Insight into alumni conversation helps you create a long-lasting relationship.
By Sarah Marks, Campus Sonar Social Media Data Analyst
Last spring, I graduated from my dream school, the University of Michigan in Ann Arbor. I wanted to attend Michigan ever since I went to my first football game at The Big House when I was in second grade. My father, who graduated from Michigan, gave me Michigan socks at birth, taught my sister and me the fight song the entire drive to the game, and (not so) subtly shared his belief that Michigan is the best school in the world every possible chance he got. Michigan was the only school I wanted to attend—and fortunately I was accepted and became a Wolverine in 2015.
I still share the same sentiment as my dad and believe that Michigan is the best school in the world. My pride of being a Wolverine, especially growing up in Ohio, is usually one of the first facts people learn about me. I’m only one of over 611,000 living alumni from the University of Michigan, which is just one of thousands of higher education institutions in the United States. Although a lot has already changed since graduation, my love for Michigan will always remain a constant. I’ve stayed connected with friends and my younger sister who is currently a junior at Michigan, return to Ann Arbor when I can, and follow along with alumni and campus activities as a member of the Alumni Association and across social media.
My relationship with Michigan as an alumna led to my interest in understanding the individual and collective beliefs, attitudes, and relationships that alumni have with their alma maters. This knowledge provides valuable insight into their future actions and behaviors. As a social media data analyst now, I decided to conduct social listening analysis of alumni conversations to evaluate how they discuss their alma maters across various social platforms. I examined alumni conversation as a whole, then used multiple ways to segment the conversation to see how different characteristics revealed distinct types of conversation among alumni.
I wanted to dig into this conversation and share insights—particularly, shared pain points and positive alumni moments. Here is what I found when I examined three years of mentions from the beginning of July 2016 through the end of June 2019, using a one percent sample of the total conversation volume. This gave me approximately 120,000 mentions to analyze and segment. I focused on Twitter, news, and forum mentions (which includes Reddit), and segmented the data to examine how alumni differ.
Where and When Alumni Talk
My analysis found that 55 percent of the total mentions were from mentions of alumni in the news. Twenty-nine percent of the mentions were from Twitter and 16 percent were from forums. Somewhat predictably, mention volume peaked in May every year, when most graduations occur and new alumni are welcomed and celebrated.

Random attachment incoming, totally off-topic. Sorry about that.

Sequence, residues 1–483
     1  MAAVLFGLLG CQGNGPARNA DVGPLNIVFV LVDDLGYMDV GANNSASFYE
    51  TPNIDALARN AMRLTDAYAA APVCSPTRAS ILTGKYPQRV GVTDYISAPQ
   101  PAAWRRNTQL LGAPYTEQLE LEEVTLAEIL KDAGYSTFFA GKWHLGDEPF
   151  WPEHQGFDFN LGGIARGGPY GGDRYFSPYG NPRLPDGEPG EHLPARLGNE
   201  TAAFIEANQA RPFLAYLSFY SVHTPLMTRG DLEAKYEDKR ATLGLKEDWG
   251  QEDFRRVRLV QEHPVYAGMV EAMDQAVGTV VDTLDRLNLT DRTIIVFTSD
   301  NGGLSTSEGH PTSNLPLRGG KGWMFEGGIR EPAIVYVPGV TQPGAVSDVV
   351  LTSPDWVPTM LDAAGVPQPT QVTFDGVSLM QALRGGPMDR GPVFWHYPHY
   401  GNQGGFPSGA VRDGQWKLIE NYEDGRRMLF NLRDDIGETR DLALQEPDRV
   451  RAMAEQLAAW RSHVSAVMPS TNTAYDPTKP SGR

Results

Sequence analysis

What Alumni Think and Feel
To better understand the alumni mindset, I analyzed sentiment and found that 18 percent of the mentions were positive, 61 percent were neutral, and 21 percent were negative. Popular positive mentions were about graduations and negative mentions were about student loans and politics. Student loan mentions had the most negative sentiment with 46 percent negative mentions, 43 percent neutral, and 11 percent positive.
Understanding the topics and events that skew positive or negative gives campuses the opportunity to highlight success stories and other celebratory moments to remind alumni of their positive experiences on campus and a nudge to extend that joy for current and future students and even themselves.
What Else Can We Learn?
When examining the online conversations from alumni, mentions of being an alumnus/a of a particular institution accounted for 81 percent, general discussion of alumni made up 18 percent of mentions, and mentions of a friend or family member alumnus/a was 1 percent of mentions.
Since personal mentions account for the vast majority of these conversations, they provide insight into how alumni personally feel. Advancement departments can use these as an indicator of the values, thoughts, and behaviors of their own alumni.
Understanding the authentic beliefs of individuals and groups of people is one of the main strengths of social listening compared to other research methods. When used properly, these individual conversations and collective patterns can help build relationships with alumni and better understand how they perceive their relationship with your institution, which can (and should) influence the way you communicate with them.
Better understanding your alumni allows them to feel more connected to their institution, which creates a more loyal and long-lasting relationship in the long run. Especially for those diehards out there like me.